And the rub: I missed lunch while printing this. Must refill frozen costco chicken-bake stash.
Doing the same thing in vinyl on the plotter would have taken… well significantly less time. I could have cut it, weeded it, applied it, dug a 3’ hole and mounted it on a post in the time that this took to complete.
This, though, will never peel off, so that’s something.
First, GREAT to see your work–I’ve been looking forward to that as long as I’ve “known” you on the forum. Second, what did you do during the 4 hours? Did you stay in the room and babysit it? Were you actually watching the lasering process to make sure the paint didn’t light up?
What do people do when they’re doing a really long job?
This is not my art, it’s historical government propaganda, from the Office of Defense Health and Welfare Services, Washington DC. One of my personal projects recently has been playing with vectorizing and remixing Gov’t propaganda and WPA posters that have all been released into the public domain in the last ten years, but often I find that I want original versions also. The hand-lettering is always wonderful, the subjects are interesting to say the least, and the scope and mission of these posters compared to current gov’t propaganda is… something that I think about.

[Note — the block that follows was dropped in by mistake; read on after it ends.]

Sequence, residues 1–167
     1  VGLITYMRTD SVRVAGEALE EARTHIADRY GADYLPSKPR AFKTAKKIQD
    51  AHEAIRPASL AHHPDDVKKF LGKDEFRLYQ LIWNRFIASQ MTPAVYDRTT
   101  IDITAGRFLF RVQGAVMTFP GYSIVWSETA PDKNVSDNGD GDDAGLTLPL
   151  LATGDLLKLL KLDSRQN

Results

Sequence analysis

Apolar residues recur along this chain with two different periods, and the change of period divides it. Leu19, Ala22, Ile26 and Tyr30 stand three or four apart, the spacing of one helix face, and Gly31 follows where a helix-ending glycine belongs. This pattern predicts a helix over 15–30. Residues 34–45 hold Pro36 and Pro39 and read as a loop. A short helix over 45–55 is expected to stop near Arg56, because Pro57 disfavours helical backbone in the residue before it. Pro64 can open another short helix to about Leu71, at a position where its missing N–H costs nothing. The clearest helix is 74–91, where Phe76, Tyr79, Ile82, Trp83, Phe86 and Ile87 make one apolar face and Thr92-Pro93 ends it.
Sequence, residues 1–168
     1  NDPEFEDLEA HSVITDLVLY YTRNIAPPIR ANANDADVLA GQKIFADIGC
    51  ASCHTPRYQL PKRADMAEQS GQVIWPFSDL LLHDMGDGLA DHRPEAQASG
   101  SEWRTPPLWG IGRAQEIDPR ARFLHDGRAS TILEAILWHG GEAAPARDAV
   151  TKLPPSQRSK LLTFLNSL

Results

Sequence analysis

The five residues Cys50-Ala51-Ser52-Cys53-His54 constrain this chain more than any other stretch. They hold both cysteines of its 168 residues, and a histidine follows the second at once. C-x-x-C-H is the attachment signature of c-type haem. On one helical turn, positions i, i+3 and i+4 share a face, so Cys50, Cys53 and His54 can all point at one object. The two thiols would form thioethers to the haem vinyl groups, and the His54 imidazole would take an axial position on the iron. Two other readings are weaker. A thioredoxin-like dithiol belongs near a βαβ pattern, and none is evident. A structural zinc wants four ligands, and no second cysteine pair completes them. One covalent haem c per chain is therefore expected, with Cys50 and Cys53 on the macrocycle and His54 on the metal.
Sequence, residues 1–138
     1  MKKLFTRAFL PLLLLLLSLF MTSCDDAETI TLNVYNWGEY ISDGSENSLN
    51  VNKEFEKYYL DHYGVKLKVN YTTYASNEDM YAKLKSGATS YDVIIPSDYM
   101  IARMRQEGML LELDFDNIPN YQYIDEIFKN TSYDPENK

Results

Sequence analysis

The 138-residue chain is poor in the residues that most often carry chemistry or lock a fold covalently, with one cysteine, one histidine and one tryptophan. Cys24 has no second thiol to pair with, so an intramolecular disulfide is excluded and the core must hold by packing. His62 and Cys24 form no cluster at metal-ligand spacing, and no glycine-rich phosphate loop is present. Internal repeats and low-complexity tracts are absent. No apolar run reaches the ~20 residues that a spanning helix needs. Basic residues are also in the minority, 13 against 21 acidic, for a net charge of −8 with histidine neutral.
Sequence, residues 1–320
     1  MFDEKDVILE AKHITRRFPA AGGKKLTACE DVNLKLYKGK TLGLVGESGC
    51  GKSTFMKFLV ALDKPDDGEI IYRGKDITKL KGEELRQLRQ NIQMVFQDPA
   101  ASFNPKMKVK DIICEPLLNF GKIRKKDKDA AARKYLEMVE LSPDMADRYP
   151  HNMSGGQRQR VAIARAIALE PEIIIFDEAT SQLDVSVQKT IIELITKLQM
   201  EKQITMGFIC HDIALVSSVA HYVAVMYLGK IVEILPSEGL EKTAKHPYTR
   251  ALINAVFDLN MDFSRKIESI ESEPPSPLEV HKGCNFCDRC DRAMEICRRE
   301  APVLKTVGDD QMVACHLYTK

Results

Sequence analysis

So the four hours was total engraving time. It was split into three 1:20 operations, using the passthrough, since I couldn’t fit the whole 18x24 sheet into the bed. I stood over it just watching for the first half hour or so, and then once I was confident that there were no sparks, flames, anything at all coming off, I went about doing some organizing and cleaning. I didn’t leave the room, and stopped to go look at it every 5 or 10 minutes. Mind you, I have used a lot of this material, and have blasted it with propane torches and my 1000° heat gun. I was not really worried that it would have any potential to flare.
it’s a real poster, that was not meant to be ironic at the time of printing (sometime between 1936-1943)